Can an actor be too gay? Jonathan Groff courted a little controversy in the past regarding that question.
A Newsweek critic a few years ago deemed the actor too gay to be a convincing straight leading man. “I feel the same away now as I did then,” he said in an interview with The Los Angeles Times. “Here’s the deal—I go to my auditions and plug away and try and do my best. People are going to say whatever they’re going to say about your performance, and at the end of the day, you can’t let that stuff affect you. Everyone is entitled to his opinion, and it started a lot of good conversations probably. All I can do is laugh and keep moving forward. Sexuality is such an interesting thing. Unless you’re playing a very effeminate person, a stereotypical queen, it’s hard to say what it means to play gay.”
The Tony-nominated actor is getting to show off his acting chops in a Los Angeles production of Red and on Starz’s series Boss. Groff feels “that the best way to learn is to work with people who are better than you.” Read more
Sure, we all saw Kelsey Grammer play Dr. Frasier Crane for about a hundred years, but deep down inside we all knew that with that scowl and deep timbre of voice that he would make a fantastic villain. I mean, the minds behind The Simpsons were obviously on to something with Sideshow Bob, right? So Grammer was the perfect fit to play the corrupt Chicago Mayor Tom Kane in Boss, which will soon begin its second season.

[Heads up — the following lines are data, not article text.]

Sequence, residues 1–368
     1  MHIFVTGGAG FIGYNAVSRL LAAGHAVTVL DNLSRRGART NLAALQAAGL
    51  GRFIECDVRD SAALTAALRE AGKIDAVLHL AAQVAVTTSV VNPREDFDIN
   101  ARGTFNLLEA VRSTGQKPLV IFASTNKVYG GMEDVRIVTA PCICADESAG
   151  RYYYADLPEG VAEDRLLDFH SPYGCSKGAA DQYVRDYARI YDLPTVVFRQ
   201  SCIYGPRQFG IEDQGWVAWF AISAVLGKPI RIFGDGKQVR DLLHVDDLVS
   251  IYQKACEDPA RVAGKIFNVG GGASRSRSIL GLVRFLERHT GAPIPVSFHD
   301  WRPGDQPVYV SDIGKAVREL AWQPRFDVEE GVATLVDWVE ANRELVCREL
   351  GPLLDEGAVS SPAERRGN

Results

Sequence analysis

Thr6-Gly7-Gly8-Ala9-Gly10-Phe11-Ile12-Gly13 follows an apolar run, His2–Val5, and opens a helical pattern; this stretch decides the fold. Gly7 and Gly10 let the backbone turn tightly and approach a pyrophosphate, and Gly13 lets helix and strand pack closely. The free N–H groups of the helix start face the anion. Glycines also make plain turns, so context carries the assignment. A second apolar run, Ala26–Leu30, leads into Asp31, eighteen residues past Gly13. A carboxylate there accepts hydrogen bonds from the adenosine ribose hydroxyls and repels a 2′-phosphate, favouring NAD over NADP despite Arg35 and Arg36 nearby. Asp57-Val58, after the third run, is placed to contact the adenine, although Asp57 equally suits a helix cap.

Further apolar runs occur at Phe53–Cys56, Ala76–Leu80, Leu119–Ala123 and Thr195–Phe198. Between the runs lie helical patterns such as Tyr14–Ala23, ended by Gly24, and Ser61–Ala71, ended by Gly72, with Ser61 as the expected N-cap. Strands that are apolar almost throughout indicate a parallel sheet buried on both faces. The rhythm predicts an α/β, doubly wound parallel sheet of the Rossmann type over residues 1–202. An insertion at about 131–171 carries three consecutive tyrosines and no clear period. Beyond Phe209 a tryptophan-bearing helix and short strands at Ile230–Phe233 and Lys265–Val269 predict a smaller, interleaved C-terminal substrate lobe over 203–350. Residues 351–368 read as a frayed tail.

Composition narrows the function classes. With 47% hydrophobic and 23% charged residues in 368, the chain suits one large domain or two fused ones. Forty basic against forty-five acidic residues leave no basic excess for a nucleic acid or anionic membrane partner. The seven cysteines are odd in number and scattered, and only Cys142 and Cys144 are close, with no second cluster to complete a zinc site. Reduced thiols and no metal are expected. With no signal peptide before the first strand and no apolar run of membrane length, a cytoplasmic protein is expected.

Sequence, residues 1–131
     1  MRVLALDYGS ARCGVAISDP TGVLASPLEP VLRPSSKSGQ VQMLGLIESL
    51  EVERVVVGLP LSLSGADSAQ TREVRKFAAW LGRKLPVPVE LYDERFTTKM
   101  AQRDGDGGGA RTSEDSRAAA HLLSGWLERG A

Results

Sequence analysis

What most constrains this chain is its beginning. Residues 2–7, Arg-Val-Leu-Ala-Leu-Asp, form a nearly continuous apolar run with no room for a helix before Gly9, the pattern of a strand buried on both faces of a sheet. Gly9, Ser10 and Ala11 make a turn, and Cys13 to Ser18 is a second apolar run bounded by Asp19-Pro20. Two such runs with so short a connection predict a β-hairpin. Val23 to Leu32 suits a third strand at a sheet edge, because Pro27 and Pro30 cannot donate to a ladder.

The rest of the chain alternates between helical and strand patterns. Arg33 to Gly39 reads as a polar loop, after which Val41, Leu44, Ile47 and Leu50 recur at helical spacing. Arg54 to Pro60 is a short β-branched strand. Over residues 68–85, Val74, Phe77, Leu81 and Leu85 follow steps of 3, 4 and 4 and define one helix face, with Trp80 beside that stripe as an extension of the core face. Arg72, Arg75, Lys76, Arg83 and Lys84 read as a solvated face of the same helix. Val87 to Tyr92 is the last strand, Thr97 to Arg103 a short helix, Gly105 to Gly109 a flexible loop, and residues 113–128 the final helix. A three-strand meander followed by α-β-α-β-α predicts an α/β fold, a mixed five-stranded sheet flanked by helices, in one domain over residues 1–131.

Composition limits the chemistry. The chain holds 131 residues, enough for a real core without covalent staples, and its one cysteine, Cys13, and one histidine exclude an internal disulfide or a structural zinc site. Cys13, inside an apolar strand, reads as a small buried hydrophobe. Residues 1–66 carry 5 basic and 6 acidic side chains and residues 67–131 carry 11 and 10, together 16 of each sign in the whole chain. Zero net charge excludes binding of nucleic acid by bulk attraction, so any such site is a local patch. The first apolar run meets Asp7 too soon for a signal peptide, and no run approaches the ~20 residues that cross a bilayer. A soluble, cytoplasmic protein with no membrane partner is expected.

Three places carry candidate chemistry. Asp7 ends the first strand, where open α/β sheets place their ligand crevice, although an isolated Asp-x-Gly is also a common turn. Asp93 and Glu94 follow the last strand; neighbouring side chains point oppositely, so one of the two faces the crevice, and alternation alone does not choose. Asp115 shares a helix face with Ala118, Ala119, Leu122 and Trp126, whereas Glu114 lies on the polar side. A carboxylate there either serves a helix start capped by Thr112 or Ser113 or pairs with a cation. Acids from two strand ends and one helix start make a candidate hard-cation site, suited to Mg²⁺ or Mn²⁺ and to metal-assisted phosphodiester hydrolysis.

In an interview with Reuters, Grammer talks about transitioning from comedy to drama and his feelings on critics of his performances, including not being nominated for an Emmy.
Grammer admits that despite the character’s evil nature, he loves the role. He points out, “He is a great character to play because he is so energetic. The guy’s vitality is fantastic. He is dying and yet he has more vitality than most people who have another 50 years to live. It is more energizing to play in a weird way. We have explored and lifted from Shakespeare quite a bit. Apparitions in Shakespeare are common place and in the culture of that time they were meant as real things. It is up to the audience whether they want to accept it as a real thing or a figment of his imagination.” Read more